2 of 2 people found the following review helpful
Twilight of the World,
This review is from: Cabaret (Audio CD)
Not a "musical" person in the accepted sense. People bursting into song for no apparent reason always appears forced and trite. Watching the Saturday afternoon fayre of Annie Get your Gun, My Fair Lady, West Side Story never really made an impression except as a slight relief from Rugby Union on Grandstand.
The only exception is this "Cabaret". adapted from the Berlin stories of Christopher Isherwood. A musical set in the last days of Weimar, the juncture point between the post war liberation and economic depression and brown shirts raising their right arm in unison in a different sublimation of desire.
Cabaret captures the heady days and the musical CD is well worth the excavation as the tunes formed the backbone of Radio 2 soporific trance pronouncements in the 70's/80's. Listening carefully these are songs of suberversion sung in a post Brecht/Weill lament.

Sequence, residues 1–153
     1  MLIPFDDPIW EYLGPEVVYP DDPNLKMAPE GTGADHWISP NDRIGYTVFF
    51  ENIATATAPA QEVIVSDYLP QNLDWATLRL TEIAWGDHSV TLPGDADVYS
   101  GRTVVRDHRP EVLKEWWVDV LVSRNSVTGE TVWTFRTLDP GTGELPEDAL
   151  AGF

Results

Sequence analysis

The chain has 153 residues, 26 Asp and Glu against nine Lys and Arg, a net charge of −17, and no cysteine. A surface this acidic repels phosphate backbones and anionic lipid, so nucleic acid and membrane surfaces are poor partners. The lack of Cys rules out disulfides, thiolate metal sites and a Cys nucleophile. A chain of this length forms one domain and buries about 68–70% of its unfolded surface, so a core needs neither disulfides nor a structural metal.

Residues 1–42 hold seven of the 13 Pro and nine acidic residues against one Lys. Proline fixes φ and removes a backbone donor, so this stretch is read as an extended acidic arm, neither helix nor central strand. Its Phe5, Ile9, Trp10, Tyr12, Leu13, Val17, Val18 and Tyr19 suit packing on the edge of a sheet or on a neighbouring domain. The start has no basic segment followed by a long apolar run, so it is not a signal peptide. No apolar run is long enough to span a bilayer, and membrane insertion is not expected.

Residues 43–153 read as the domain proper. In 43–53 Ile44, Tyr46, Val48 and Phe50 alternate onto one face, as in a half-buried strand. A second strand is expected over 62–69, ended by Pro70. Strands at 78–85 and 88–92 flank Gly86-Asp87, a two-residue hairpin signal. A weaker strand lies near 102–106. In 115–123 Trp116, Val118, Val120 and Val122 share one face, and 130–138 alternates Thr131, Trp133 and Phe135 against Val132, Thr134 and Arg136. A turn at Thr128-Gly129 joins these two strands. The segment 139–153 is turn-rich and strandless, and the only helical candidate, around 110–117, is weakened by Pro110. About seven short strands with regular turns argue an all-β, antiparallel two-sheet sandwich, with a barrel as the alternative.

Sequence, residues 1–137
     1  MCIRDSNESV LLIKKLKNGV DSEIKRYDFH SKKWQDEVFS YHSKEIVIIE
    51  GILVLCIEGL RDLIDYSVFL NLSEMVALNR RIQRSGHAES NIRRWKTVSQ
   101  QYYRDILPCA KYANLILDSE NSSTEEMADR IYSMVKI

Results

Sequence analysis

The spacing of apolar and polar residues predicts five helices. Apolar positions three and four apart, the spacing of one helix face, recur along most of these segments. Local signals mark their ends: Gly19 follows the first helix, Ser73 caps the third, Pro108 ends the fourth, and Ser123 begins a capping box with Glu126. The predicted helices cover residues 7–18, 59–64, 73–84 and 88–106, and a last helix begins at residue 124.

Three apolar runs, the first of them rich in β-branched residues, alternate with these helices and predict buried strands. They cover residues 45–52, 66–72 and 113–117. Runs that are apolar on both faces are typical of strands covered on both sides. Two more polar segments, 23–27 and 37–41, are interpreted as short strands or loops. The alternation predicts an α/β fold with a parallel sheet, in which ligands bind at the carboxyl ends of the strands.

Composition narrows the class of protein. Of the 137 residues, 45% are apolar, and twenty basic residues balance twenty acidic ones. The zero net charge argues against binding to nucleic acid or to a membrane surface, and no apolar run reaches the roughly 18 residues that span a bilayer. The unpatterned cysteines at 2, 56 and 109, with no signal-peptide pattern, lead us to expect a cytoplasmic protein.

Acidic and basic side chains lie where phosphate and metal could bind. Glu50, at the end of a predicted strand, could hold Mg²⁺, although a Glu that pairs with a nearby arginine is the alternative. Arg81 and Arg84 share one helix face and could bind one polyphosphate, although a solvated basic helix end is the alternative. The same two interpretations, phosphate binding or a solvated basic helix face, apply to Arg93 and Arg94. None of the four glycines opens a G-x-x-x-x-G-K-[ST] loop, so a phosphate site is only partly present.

Underappreciated because they became too popular and stripped of their power. Played everywhere Money Money lost its bite and became a celebration rather than satire. This was never the songs fault as it tried to puncture inertia.
Now it's time for a reappraisal and to bring it back away from its success and unravel its meaning. Cabaret celebrates the uncoiling Dyonisian experience on the verge of a human catastrophe. This is its power, strength and warning. The songs are easier to digest for Anglo Saxons than the Deutsche of Brecht/Weill Eisner etc. It does provide a entry point into these worlds, the twilight worlds of Lotte Lenya, Marlene Dietrich, Ute Lemper and Dagmar Krause.
Therefore tone down the lights and let the action begin!